Ilaria Carannante , 1 , Martina Scolamiero 2 , Alexander Kozlov 1 , Lihao Guo 1 , Johannes Hjorth 1 , Johanna Frost Nylén 3 , Joana Braga Pereira 4 , Arvind Kumar 1 , Wojciech Chachólski 2 , Jeanette Hellgren Kotaleski 1
12 April 2021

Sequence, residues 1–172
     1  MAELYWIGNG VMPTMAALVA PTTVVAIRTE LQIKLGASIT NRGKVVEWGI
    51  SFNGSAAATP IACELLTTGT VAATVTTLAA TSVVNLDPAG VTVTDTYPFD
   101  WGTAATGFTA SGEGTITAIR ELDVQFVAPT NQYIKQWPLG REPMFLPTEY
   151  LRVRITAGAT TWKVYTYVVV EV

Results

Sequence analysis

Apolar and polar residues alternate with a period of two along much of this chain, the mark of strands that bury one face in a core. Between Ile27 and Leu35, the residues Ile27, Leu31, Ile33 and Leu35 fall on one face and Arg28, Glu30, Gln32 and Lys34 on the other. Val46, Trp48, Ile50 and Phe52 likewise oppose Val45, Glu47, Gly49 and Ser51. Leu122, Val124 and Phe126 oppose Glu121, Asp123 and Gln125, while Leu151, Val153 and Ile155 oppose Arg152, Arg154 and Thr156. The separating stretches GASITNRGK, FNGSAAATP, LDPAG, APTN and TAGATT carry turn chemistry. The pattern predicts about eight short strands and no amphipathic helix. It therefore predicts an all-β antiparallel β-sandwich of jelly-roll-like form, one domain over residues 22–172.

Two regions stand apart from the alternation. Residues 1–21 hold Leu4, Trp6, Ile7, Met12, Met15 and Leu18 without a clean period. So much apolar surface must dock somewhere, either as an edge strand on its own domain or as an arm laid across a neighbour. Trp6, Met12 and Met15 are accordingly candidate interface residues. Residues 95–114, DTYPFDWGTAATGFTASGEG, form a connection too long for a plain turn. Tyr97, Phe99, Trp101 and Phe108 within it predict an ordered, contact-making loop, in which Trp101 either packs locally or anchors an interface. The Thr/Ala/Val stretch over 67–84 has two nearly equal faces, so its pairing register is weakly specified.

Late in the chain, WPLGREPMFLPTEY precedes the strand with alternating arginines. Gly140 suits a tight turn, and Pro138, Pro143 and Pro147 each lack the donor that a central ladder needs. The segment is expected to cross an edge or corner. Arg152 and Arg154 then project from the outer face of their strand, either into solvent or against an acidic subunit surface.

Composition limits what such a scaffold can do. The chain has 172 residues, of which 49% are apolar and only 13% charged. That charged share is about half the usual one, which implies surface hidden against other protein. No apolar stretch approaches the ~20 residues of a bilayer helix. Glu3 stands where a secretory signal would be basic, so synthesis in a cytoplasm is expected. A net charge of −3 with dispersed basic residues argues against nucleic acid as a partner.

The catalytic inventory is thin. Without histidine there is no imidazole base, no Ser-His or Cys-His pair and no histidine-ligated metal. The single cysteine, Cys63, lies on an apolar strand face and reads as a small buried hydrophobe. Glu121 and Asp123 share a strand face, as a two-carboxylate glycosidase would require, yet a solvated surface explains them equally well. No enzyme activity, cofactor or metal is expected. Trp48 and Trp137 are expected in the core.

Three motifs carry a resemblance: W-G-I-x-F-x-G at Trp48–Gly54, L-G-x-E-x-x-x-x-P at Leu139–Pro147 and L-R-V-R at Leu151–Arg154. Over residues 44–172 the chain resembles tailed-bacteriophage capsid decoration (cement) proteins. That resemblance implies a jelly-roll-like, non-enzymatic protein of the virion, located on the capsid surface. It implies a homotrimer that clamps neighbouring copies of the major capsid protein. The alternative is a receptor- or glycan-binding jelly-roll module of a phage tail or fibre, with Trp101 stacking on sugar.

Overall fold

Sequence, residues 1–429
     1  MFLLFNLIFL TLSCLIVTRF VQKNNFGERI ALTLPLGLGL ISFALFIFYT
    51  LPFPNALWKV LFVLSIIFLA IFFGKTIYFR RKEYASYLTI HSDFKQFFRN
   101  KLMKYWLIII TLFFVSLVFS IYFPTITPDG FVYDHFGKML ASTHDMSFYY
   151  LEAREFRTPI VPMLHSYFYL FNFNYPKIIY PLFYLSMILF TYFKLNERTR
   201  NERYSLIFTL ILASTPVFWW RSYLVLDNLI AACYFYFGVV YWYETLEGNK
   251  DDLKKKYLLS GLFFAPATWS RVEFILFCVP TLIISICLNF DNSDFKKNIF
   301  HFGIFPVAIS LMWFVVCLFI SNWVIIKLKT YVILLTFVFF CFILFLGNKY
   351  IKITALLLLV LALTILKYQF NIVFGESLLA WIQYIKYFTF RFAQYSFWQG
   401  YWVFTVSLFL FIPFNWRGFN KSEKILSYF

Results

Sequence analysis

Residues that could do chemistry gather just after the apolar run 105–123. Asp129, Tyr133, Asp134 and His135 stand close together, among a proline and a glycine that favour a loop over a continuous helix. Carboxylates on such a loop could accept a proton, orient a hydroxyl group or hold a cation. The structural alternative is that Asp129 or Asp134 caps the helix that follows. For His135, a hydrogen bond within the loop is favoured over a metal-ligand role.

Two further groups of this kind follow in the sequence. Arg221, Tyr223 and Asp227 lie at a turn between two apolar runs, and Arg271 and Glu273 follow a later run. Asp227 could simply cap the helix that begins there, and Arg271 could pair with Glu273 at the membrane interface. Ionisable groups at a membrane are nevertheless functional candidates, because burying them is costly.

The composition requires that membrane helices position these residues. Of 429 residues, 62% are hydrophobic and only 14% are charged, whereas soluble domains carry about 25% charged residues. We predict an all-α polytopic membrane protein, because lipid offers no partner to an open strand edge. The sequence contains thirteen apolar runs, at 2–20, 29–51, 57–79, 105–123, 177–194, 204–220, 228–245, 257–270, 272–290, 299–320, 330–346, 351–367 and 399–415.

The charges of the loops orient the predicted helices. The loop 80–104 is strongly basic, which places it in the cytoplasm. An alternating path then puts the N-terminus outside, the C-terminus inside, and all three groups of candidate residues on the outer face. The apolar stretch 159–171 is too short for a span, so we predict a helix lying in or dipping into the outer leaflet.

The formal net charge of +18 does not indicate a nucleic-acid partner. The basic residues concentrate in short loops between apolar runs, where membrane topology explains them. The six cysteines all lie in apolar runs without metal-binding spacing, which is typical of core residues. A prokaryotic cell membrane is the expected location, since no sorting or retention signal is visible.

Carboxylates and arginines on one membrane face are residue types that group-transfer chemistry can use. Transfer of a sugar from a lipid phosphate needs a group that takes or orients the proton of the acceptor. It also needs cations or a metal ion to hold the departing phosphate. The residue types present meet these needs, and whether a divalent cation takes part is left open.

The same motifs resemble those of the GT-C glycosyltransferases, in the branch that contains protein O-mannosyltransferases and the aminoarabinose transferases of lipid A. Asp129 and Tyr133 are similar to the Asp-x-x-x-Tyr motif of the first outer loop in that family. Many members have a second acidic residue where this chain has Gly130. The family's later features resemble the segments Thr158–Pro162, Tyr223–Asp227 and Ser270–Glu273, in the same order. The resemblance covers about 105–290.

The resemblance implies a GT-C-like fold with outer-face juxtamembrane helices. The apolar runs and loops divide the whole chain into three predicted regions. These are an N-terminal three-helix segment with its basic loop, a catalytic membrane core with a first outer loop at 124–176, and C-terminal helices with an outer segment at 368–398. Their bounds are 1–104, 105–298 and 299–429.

The relationship between the structure and network dynamics within the striatum is currently not well understood. We have applied algebraic topology to investigate the local structural connectivity in the striatum, and then used simulations to predict how structure shapes network dynamics. We used a full-scale digital reconstruction of the mouse striatal microcircuitry: both healthy and at different stages of Parkinson’s Disease (PD). These stages are characterized by successively modified healthy morphologies of the striatal projection neurons (SPN), including changes in dendritic spine count. We compared the distribution of topological motifs, in the form of directed cliques, between these microcircuits. The distribution of directed cliques in the healthy striatal microcircuits showed that striatal interneurons, despite only accounting for 5%, are crucial for the construction of high dimensional directed cliques. In PD networks the presence of directed cliques drastically decreased with the disease progression. We then used simulations to investigate whether these changes in structural connectivity affect functional connectivity. Signal transfer, especially correlation transfer, in the corticostriatal system was affected. We also found that the resulting changes in intrastriatal inhibition altered the correlations between the striatal projection neurons. Directed cliques already provided insight on structural and functional properties of neocortical micrucircuitry. Here we applied this topological approach to investigate striatal networks and highligthed important differences with respect to neocortex. Combining theory with simulations using data-driven in silico reconstructions will allow us to form quantitative predictions on how structure and network dynamics relate in health and disease.